Grace's Guide is the leading source of historical information on industry and manufacturing in Britain. This web publication contains 146,105 pages of information and 231,598 images on early companies, their products and the people who designed and built them.
William Crawshay (1764 – August 11, 1834), was a South Wales industrialist.
About 1784 Crawshay married Elizabeth Couzens (1760-1825); they had three sons, Richard (1786-1859), William Crawshay (1788-1867), and George (1794-1873), and two daughters, Elizabeth (1790-1877) and Mary (1793-1881).
1809 After a quarrel, William Crawshay was replaced as his father's executor and residuary legatee by Benjamin Hall (1778-1817), his brother-in-law. Eventually he inherited only a three-eighths share in the Cyfarthfa works.
For much of the next decade Crawshay strove to reverse this and make himself the master of Cyfarthfa.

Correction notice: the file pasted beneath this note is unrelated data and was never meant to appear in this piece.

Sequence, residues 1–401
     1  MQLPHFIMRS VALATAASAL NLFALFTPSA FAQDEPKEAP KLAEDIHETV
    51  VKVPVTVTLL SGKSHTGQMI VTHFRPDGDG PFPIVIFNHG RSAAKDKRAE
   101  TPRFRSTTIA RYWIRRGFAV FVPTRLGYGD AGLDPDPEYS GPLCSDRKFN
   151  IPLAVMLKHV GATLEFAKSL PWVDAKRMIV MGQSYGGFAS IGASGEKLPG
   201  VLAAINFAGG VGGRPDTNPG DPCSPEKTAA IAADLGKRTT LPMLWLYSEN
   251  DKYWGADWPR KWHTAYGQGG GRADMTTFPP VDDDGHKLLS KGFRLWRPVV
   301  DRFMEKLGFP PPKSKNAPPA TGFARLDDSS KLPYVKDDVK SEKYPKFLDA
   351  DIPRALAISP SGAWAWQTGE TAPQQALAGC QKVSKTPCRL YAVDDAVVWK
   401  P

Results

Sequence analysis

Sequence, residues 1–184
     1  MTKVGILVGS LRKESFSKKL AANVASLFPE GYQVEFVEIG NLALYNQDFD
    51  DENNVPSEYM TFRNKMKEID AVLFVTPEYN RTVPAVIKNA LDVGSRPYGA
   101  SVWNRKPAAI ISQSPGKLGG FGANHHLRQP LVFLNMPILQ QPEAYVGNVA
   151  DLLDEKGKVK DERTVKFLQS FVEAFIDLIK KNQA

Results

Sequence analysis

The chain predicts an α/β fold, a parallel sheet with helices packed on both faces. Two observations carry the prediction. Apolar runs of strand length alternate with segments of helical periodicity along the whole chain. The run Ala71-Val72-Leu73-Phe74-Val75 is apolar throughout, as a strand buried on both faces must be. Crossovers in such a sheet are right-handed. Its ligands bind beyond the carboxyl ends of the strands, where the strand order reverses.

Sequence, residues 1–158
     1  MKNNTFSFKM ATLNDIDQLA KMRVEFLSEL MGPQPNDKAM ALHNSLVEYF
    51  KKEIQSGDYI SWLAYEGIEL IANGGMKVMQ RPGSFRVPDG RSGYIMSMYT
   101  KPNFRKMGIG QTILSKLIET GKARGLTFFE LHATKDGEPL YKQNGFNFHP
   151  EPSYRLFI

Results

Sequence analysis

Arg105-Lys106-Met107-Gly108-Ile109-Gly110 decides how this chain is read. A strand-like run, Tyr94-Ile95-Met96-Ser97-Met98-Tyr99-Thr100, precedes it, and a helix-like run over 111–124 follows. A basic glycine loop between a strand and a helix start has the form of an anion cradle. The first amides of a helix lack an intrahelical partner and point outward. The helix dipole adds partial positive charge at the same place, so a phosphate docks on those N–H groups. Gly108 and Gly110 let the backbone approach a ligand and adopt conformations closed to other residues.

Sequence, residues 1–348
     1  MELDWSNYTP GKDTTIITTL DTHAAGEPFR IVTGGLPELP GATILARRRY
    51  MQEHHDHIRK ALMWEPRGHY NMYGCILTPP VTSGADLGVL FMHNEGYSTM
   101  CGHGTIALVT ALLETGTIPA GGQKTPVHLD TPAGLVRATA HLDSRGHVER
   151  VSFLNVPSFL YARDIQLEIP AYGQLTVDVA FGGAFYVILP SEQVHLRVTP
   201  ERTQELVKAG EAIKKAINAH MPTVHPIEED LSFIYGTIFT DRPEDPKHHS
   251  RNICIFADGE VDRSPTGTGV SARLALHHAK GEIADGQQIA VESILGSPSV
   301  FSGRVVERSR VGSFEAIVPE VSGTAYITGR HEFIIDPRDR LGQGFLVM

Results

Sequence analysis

1813 He bought out his cousin, Joseph Bailey (1783-1858), who had inherited one quarter share in the works.
1814 Acquired the interest of Anthony Bacon II, illegitimate son of the founder of Cyfarthfa
1817 Benjamin Hall died; Crawshay obtained his shares in the works.
After his father's death in 1810, he left the running of the works mostly in the hands of his own son, William. However the younger William had major differences with the London merchant about how the to conduct the iron trade which was not resolved until William senior's death in 1834.